But at the same time, they believe in fact that the leaders in government care very little about them. That in fact the government is ran for just, you know, a few big interests. So, I think it points to both the kind of the duality of their lives - that they understand the rhetoric of a color-blind open society but they also understand the reality that they face, which includes police discrimination, it includes sub-par schooling, it includes double the unemployment than that of young whites. And they're saying in fact that this country has to do better by them.

COX: Let me bring Bakari into the conversation. What struck you about these studies, about this study's findings?

Mr. BAKARI KITWANA (Author, "The Hip-Hop Generation"): I think the study confirmed a lot of the ideas that we've been talking about regarding young people and hip-hop. One of the important things that I think comes through in the study is that it demonstrates that young people have a moral center.

And I think that much of the national conversations around the Bill Cosby commentary or things that Wynton Marsalis or Spike Lee or Stanley Crouch have said about young people and hip-hop. You would think that they're not concern about the images and representations that we're getting from corporate media on programs like BET and MTV. And so, I think it's striking to hear from young people themselves that these images are disturbing and they see them as stereotypical and degrading.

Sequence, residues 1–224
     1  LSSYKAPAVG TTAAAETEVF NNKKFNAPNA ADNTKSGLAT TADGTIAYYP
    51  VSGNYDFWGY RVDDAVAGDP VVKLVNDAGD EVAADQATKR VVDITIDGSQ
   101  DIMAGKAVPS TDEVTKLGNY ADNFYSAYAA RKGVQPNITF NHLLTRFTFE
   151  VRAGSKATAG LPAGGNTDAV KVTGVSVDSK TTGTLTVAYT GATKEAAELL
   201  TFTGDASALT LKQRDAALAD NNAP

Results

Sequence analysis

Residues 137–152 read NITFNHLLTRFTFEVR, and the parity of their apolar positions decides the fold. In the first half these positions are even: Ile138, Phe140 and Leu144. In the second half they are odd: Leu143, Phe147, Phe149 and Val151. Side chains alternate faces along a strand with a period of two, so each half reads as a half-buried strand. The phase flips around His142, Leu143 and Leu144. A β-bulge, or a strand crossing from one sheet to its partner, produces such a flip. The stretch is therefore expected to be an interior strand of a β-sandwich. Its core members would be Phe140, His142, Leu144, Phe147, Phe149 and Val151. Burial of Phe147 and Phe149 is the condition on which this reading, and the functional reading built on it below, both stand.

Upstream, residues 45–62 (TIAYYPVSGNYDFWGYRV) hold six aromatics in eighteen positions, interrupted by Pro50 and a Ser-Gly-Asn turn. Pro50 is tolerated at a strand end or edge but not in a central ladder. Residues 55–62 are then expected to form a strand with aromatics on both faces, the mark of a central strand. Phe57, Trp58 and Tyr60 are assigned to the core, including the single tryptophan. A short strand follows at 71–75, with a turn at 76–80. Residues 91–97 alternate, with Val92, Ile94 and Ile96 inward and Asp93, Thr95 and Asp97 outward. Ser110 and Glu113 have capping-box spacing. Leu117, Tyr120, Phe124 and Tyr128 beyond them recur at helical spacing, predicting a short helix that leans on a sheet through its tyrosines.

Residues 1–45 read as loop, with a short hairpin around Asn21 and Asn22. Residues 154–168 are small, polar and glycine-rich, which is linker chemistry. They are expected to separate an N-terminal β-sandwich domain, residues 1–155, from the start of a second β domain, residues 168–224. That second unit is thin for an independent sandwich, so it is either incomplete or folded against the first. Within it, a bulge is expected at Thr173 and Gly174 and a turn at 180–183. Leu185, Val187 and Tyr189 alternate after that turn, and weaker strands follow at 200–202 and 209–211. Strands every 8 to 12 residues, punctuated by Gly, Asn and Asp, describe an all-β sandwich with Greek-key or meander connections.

COX: And here's a question for the both of you. You've partly answered how black youth are seen by society today, giving some examples, Bakari, that you just did and talking about the media's role in determining that. How might this study, let's say, change that perception? Bakari, you first.

Mr. KITWANA: Well, I think that the study provides evidence that young people are concerned about how they're viewed. I think it flies in the face of popular - one of the interesting things about the study is that it centers the idea that young people are marginalized in American society.

I think we are at this point in America where we talk about race and inequality as though there aren't these differences. And so, I think having these differences pointed out and having young people talk about these ideas I think reinforces the idea that there's still a lot of work to be done.

COX: Cathy, do you see the study being able to change perceptions along this line?

Prof. COHEN: Well, I'm hoping that in fact it will. I think what we found is that young black people are complex, that they are thoughtful about, you know, the world in which they live, and that in fact we need to listen to them. One of the things that kept coming up in some of the interviews we did is that they understand that many of the policies that are most controversial in this country are directed disproportionately at them.